(ii) The State’s Dependence on the Market:
The state has the authority to conscript resources for its activities. However, the cost of governance would be extremely high if the state forced people to work against their will and procured innumerable goods and services necessary for its activities by coercion. Normally, the state purchases necessary goods and services from the market from its tax revenue.
Just a Matter of Degree:
In truth, no modern progressive economy can function without the state and the market. Economic systems differ due to difference in the way in which the state and the market are combined, i.e., which aspects of economic activities the state is in charge of, which aspects are left to the market and strongly and widely market activities are controlled by the state. It is just a matter of degree.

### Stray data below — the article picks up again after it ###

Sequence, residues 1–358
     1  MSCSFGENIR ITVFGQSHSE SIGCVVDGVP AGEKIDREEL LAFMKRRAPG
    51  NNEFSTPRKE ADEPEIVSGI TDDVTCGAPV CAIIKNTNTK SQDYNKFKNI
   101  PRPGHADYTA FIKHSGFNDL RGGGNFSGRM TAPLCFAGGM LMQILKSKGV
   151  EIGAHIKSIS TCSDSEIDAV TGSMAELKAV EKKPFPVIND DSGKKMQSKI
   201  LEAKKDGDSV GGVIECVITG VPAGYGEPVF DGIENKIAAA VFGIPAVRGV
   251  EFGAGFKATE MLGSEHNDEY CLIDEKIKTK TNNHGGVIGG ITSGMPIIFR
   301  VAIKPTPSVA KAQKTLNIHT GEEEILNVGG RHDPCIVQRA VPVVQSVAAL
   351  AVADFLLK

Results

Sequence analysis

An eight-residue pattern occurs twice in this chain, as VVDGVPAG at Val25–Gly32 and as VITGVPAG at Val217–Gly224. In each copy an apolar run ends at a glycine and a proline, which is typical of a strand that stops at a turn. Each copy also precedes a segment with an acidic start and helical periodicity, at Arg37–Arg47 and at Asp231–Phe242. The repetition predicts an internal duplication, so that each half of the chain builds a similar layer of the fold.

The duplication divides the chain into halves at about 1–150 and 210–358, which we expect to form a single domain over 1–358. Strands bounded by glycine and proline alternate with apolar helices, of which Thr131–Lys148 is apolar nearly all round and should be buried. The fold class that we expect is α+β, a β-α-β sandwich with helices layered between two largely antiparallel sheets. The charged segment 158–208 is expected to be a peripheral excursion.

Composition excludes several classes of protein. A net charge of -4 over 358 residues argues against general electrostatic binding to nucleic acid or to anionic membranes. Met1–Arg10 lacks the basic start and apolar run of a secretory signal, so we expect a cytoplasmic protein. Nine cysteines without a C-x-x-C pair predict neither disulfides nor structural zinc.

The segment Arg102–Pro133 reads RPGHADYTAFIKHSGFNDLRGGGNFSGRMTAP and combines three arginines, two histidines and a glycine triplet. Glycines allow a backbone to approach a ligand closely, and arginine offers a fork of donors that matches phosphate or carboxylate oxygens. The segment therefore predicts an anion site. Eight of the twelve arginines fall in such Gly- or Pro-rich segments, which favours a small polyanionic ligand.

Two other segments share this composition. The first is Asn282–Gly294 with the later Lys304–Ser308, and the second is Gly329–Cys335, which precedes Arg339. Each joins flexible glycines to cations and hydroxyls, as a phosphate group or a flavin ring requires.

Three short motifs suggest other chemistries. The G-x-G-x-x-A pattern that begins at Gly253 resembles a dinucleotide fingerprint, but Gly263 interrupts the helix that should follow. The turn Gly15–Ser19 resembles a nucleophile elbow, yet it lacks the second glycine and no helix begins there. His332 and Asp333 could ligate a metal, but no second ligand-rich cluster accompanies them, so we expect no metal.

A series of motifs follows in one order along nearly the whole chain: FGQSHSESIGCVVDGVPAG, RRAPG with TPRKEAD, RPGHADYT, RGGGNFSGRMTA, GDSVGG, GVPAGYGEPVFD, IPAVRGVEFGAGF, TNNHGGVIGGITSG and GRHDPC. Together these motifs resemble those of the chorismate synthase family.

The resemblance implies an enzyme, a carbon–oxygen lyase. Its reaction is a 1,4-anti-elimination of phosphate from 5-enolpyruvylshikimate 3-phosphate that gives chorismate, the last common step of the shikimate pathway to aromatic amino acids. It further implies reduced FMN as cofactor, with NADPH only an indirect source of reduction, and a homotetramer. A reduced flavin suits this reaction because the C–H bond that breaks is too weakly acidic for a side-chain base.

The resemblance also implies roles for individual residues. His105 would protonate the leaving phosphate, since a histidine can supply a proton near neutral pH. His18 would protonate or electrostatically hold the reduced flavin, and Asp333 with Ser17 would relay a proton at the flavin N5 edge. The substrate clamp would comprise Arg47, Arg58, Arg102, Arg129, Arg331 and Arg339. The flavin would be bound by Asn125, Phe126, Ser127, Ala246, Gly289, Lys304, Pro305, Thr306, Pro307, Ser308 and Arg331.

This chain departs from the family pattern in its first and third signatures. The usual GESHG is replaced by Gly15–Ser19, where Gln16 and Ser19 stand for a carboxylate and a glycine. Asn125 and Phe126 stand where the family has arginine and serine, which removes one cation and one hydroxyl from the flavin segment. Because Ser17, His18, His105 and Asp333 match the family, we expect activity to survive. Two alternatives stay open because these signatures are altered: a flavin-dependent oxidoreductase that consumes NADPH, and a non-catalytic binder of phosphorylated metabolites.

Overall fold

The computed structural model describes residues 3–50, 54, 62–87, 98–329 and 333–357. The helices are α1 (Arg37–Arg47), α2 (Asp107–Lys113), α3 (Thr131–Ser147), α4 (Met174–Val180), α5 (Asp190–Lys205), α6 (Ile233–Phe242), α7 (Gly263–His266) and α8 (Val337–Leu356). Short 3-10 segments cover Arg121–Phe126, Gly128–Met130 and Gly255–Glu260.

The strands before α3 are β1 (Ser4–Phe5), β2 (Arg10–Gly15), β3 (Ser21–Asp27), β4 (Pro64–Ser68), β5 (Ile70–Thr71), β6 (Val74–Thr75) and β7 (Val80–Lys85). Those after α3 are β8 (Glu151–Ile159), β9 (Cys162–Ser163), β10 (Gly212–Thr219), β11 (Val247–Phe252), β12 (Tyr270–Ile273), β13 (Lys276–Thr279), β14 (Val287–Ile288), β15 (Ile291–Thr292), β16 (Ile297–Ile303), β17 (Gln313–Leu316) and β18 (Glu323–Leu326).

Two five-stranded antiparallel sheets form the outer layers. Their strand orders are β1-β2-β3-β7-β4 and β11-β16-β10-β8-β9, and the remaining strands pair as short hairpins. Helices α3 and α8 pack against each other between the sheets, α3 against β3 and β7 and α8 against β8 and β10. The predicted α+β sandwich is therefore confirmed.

The pertinent question here is what combination of these two organisations would optimize the growth of developing countries like India. The answer to the question depends on the merits and demerits of the two systems — the market and the state.
Efficiency of the Competitive Market:
Both classical and neo-classical economists sang the praise of the free competitive market which, they believed, results in a socially optimum allocation of resources. The market system is essentially a mechanism to equate demand and supply of a commodity (or service) through adjustments in its price.
Obviously, a free market has the power to establish a single price. In the same way, the market system operates in adjusting the price to equate demand and supply of the commodity.
This neo-classical type of equilibrium between demand and supply through transactions in a free competitive market represents an efficient resource allocation for the production of a commodity to maximise economic welfare in society. This is because no market participant (buyer or seller) can increase his welfare without decreasing that of the other — the so-called ‘Pareto optimality’.